Ahead of the 2017 ESPY Awards tonight, we started thinking about the qualities that make a true champion. Someone with skill, sure, but most important, someone who is a team player. For that reason, we decided to round up a few male athletes who are MVP-worthy in our books for the way they are actual champions of gender equality.
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It goes without saying that gender doesn’t and shouldn’t have anything to do with a person’s ability or talents on or off the court. However, with women in most of the world still fighting for fundamental rights and with women in America facing blatant sexism and misogyny on the daily, gender equality isn’t a reality yet.
Male athletes have a tremendous platform to campaign for the equality of their female counterparts — much more so than female athletes, sadly. As such, it’s always refreshing to see when these sporty guys take a much-needed stand for women.
Here are 15 athletes who we hope can set an example for male athletes everywhere.
LeBron James, Kevin Durant and Victor Cruz
James, Durant and Cruz all stood front and center of Nike’s new 2017 Equality campaign, which underscores that “Equality should have no boundaries. The bond between players should exist between people. Opportunity should be indiscriminate.”
Stephen Curry, Russell Westbrook, Kyle Dowry, Chris Bosh and Dwayne Wade
James — along with fellow NBA’ers Curry, Westbrook, Dowry, Bosh and Wade — also played a major part in Sheryl Sandberg’s partnership with the NBA and WNBA last year for the #LeanIn campaign. The special partnership encouraged men to contribute more around the home and to stand up for women’s rights.
The male athletes at Phillips Academy Andover
Hey, perhaps more celebrity athletes should take a cue from the youth of America. In 2013, led by then-senior Tyler Olkowski, the male athletes at this elite boarding school penned an unprecedented Letter to the Editor of the school newspaper, the Phillipian. In it, the young men tackled the sexist issues plaguing the sports culture on their campus.
“Male athlete culture plays a leading role in Andover’s imbalanced hook-up culture, classroom dynamics and even in defining the gender roles of females on campus that younger students emulate and eventually internalize,” they wrote. “As we look back on our times on varsity sports here at Andover, it is easy to find highlight reels of our best moments, whether it was a winning goal or touchdown. Despite these athletic feats, our collective character has been tainted by the objectification and sexism that pervade athlete culture.”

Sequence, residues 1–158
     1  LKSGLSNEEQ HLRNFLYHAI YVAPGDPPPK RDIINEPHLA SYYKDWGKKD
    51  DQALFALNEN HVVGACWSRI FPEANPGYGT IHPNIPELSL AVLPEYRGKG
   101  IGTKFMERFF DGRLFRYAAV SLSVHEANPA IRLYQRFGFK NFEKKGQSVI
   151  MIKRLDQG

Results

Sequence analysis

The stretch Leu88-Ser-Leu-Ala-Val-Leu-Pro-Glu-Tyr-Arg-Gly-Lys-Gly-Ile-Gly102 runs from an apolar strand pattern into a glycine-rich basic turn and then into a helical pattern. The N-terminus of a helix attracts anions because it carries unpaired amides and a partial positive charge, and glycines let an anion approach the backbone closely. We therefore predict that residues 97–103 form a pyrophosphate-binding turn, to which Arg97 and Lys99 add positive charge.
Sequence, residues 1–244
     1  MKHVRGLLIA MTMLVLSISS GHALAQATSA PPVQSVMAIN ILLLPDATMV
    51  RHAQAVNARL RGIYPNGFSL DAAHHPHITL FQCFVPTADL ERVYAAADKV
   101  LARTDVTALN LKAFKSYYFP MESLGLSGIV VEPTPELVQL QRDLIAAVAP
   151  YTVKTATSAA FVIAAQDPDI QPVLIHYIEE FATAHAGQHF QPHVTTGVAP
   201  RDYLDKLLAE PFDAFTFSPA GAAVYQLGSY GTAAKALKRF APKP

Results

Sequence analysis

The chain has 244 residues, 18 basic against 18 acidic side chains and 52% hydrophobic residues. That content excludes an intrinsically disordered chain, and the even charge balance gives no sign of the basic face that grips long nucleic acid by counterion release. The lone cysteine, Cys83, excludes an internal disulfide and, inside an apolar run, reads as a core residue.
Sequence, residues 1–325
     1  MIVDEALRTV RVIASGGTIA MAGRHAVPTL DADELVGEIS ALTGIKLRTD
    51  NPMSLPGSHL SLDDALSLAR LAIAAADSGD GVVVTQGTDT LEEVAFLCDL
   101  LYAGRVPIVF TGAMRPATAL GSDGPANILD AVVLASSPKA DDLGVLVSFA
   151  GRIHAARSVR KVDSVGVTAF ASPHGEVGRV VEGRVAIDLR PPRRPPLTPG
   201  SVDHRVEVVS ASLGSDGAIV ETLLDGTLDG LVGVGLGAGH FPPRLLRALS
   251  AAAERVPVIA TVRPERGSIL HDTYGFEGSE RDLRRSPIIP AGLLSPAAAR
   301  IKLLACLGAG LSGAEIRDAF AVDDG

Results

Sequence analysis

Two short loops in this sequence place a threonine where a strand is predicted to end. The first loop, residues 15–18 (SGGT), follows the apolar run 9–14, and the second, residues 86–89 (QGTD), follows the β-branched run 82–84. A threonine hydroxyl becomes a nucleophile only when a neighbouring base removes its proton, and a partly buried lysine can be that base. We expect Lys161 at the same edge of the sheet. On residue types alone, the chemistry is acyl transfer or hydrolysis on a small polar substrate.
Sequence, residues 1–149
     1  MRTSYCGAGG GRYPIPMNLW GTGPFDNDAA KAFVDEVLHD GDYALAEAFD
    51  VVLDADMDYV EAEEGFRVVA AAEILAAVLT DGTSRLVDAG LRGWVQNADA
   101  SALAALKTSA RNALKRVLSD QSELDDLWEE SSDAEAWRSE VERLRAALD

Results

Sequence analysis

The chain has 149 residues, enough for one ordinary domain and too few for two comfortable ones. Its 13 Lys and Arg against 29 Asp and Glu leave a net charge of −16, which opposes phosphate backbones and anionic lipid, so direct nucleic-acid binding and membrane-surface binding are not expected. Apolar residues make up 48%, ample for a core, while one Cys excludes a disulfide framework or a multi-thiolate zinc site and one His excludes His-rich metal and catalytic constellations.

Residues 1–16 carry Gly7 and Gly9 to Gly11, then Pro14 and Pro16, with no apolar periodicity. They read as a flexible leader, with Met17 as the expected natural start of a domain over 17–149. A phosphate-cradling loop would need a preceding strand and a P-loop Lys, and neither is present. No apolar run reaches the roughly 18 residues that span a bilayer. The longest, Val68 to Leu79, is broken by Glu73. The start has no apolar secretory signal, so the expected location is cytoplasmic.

The young men then proposed ways to fix the pervasive sports culture in a way that would be more representative of a gender-balanced society. More of this, please!
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Anthony Davis, DeMar DeRozan, Karl-Anthony Towns and Paul George
As a continuation of the Equality campaign, Nike brought its message to the 2017 NBA All-Star game in New Orleans, Louisiana. Female athletes worked alongside male athletes like Davis, DeRozan, Towns and George to spread the sentiment of equality on and off the court. In doing so, and in working with eager aspiring athletes, they’re shaping the next generation of forward-thinking sports stars.
In a Sports Illustrated interview last year, Green, a forward for the Golden State Warriors, openly and of his own accord carved out a few minutes to gush about WNBA basketball and, most pointedly, the skill level of its players. “In the NBA, there’s always a guy who is only around because he can jump,” Green said. “He doesn’t have a clue about the fundamentals. I learn more from the WNBA. They know how to dribble, how to pivot, how to use the shot fake.” While it shouldn’t take an NBA star to shine a spotlight on the incredible talent of these female athletes, Green’s comment did create conversation around the ladies’ league. WNBA players didn’t waste any time expressing their appreciation for the kind words.
When it comes to male athletes striving to support and empower women, you can’t get much more badass than McPherson. The former NFL player and proud self-professed feminist has spent his nearly three decades in the limelight fighting for a variety of social causes, especially gender equality.
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In a searingly honest op-ed for CNN, he spoke out against violence against women (with a correlation to male athletes and violence against women), saying, “Men do not just need to stop being violent. The vast majority of men are not violent. But men do need to stop being silent. Calling violence against women, whether street harassment or sexual harassment or rape or murder, a ‘women’s issue’ allows men to ignore it as if we have no responsibility for it or stake in ending it. We all have grandmothers, mothers, sisters, daughters and female friends and colleagues. Our lives are inextricably interwoven; women’s issues of safety and equality directly affect our lives as men. Beyond that, women are humans, with the same rights to safety and freedom as men. It is therefore our moral responsibility to not remain silent or passively on the sidelines, but to be actively engaged in confronting this problem in every corner of homes, communities, and societies.”
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